Trying to get ahold of someone

Anyone know someone who goes by the youtube name five for a change ?
He has a plastic grinder he built and said it was made at make ict was wanting to ask a few questions.

I am not sure who all was involved, but I suspect it was the plastic shredder project from a few years back. They were planning on building plastic blocks for construction. I am not sure if any of the members who were working on it are still around.

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I’m still around! What’s up?

Do you still use it to grind?
How has it held up?
Have you tried making any filament for 3d printer?

I am interested in stl. if you still have, and a parts list.

Very interesting project!

I am not sure what Joel is doing with it currently. From what I can remember It had some fit issues, and would jam some times. I think it was more issues with our plasma table than the design.

The link @sdowens posted has most of the previous discussion about it.

I have pulled down the pp cad files. I was able to take the files from the original website and pull them in to fusion. , and would be willing to dig what I have out. I was in the process of converting them from metric stock to something more standard plate that could be bought in town.

I would be interested in helping out. I had stopped until i could source a motor and gearbox. The most expensive part. My personal curiosity budget stops at about $50-75.

I had also found some people that would laser cut the materials to the design and ship them to you, for what seemed like a reasonable price.

pp_shreader v1.step (2.7 MB)

Tom

I’m working on a different projects with Joel currently. I can ask him when is a good time if you’d like to have a chat.

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Would like that when he gets a free moment! Thx

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@Frank What is it you have in mind? You wanting to use recycled PE or PP for a custom large-scale printer? Or, are you thinking of material for a desk top printer?

There is a bit of plastics industry in this area and I have plastics experience myself. There are challenges with recycled materials which would make using them through a .4mm nozzle unrealistic…in my humble opinion.

However, if you wanted to make a custom large-scale printer for making large parts I could see that working well. In fact, others have done it. And you could purchase “regrind” from local producers. This is material that has already been ground up and is in “pellet” form.
Here is an example of someone using a robot:
https://designblog.rietveldacademie.nl/?p=42534

Here is another example of a larger printer to make furniture:
https://www.upm.com/news-and-stories/blogs/2019/09/3d-printed-furniture-from-upm-biocomposite-at-habitare-fair/

And this is some very impressive furniture made with printers: (has my wheels turning)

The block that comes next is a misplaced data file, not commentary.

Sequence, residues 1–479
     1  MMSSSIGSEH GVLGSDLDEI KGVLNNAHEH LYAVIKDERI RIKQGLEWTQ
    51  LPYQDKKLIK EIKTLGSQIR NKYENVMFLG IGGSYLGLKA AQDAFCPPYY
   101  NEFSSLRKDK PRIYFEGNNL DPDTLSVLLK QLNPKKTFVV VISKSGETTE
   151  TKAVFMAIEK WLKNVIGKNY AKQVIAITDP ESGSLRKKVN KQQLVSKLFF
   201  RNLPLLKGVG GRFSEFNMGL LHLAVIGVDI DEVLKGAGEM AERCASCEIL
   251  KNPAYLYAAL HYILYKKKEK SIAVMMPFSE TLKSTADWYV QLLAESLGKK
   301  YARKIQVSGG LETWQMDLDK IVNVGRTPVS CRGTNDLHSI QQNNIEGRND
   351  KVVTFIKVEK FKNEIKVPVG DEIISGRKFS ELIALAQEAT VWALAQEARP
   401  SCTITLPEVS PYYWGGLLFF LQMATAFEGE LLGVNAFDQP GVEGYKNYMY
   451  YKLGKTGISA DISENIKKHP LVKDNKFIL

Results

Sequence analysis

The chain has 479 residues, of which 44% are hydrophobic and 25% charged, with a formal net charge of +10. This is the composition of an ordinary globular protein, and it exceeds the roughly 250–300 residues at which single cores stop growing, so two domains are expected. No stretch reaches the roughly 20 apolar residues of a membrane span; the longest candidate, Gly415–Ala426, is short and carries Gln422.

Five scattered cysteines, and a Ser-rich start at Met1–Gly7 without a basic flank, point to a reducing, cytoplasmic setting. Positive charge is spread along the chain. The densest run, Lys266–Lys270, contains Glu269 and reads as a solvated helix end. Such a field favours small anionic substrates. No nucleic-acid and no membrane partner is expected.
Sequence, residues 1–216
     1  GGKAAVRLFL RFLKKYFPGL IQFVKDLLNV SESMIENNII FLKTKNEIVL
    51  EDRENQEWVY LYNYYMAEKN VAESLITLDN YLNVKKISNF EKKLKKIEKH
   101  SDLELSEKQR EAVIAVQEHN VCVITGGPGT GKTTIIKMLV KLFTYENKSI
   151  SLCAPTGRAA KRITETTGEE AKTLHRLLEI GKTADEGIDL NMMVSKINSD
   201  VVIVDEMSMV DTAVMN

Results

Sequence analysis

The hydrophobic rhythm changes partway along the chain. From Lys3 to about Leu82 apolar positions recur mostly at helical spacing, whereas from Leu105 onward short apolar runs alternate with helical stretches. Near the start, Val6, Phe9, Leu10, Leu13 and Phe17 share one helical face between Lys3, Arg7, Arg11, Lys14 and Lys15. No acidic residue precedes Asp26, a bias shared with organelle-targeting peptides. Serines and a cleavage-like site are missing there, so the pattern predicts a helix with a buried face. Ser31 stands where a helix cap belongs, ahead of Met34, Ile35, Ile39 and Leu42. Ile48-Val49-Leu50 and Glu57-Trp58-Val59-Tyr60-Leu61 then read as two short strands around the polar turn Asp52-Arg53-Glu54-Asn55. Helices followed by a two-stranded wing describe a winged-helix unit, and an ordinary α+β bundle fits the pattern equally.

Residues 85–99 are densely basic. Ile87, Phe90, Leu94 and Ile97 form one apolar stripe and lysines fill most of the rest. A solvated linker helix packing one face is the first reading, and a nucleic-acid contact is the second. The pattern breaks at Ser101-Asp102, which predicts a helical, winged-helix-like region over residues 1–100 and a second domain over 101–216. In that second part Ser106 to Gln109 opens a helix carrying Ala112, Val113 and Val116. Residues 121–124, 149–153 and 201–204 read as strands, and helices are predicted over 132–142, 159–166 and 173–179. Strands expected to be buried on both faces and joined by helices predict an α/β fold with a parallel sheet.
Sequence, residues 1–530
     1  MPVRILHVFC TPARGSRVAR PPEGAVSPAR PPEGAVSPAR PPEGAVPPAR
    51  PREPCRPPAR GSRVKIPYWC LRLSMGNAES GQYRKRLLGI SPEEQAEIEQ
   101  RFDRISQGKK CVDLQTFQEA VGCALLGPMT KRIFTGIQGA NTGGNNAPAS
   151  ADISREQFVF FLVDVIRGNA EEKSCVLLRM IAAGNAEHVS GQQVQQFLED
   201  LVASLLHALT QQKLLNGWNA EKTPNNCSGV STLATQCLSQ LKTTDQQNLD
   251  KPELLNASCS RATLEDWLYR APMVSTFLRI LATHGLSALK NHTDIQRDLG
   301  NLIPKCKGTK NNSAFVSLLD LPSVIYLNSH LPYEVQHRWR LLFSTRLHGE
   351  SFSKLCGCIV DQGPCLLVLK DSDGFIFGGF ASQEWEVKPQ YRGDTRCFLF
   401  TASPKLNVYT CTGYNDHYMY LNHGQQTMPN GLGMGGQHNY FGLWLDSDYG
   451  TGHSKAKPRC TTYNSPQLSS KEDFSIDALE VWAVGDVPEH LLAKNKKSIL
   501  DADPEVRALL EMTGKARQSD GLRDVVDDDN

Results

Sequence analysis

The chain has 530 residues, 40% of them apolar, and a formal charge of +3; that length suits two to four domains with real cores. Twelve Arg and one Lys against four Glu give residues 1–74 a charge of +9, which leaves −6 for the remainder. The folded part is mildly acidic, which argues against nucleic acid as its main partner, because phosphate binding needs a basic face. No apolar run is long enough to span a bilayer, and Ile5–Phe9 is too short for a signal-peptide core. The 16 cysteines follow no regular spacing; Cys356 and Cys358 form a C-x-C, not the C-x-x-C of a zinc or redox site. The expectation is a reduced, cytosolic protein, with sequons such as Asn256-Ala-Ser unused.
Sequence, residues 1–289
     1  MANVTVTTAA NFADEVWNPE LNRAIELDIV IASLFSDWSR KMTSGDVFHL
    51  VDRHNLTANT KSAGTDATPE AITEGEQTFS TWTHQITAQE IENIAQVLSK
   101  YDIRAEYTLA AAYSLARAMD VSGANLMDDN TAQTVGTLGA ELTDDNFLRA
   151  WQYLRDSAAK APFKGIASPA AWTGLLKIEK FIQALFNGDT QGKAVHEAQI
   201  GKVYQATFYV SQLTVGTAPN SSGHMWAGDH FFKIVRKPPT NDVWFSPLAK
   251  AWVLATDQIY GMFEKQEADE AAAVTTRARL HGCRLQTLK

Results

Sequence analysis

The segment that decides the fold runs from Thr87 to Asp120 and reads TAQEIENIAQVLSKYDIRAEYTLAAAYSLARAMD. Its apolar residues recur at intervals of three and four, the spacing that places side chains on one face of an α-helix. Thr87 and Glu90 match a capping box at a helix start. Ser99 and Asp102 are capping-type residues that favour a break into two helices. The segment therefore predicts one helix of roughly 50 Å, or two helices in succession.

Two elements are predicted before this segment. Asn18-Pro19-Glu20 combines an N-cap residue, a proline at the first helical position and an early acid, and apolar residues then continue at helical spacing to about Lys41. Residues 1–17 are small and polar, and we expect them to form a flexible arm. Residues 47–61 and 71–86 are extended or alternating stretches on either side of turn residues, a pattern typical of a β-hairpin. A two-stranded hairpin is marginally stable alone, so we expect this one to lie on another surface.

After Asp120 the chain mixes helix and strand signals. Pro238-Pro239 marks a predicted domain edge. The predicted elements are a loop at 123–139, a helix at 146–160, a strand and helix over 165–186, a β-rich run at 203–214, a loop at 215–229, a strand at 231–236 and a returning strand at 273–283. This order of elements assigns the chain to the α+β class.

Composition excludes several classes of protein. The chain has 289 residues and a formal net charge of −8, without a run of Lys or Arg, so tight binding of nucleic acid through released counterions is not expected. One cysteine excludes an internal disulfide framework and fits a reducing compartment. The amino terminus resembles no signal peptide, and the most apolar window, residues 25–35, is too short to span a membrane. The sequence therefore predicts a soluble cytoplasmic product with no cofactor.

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This is great info it has kinna answered the question of is it possible to make P.E.T. filiment from plastic bottles or reg filimant pla from recycled scrap parts
I am wanting to make this for small scale operations table top printers as filament is pricy 20-30$ a 2lb roll. sounds like I could never build a system that could mitigate the cost effectivly.
Curious what size nozzle and filament are ppl using recycled material in this example you speak of ?

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Would you mind calling me anytime or texting to set up a time to talk to me about this? My phone number is 316-308-7144. Thanks for your interest and your time.

Looks like based on the above experience it would not be cost effective to try and reproduce pla and pet for small scale desktop 3d printers

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Just thinking outside the box is it possible to build a machine that can melt down these materials without the need for grinding them and perhaps form them into plastic rods the size of glue sticks.
From there you could build an extruder fairly easily out of stepper motors and parts from a hotend just size your tip to make filament?

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Maybe, I don’t see how you get around the size reduction part. To form the new size it has to fit through a die of some sort. Normally in most filament production I have looked at the idea of uniform pieces seems to be to fit in screw that is pushing it through he machine.

There are products out the to make filament at home, so I don’t know if it a lost cause. It depends on your use case and motivations are. I don’t know how long it would take to be good enough to beat the cheapest filament supplier out there double that if you are recycling material.

The idea some had at the space for recycling old print scraps was injection molding or some sort of heated pressed molds.

Good luck.

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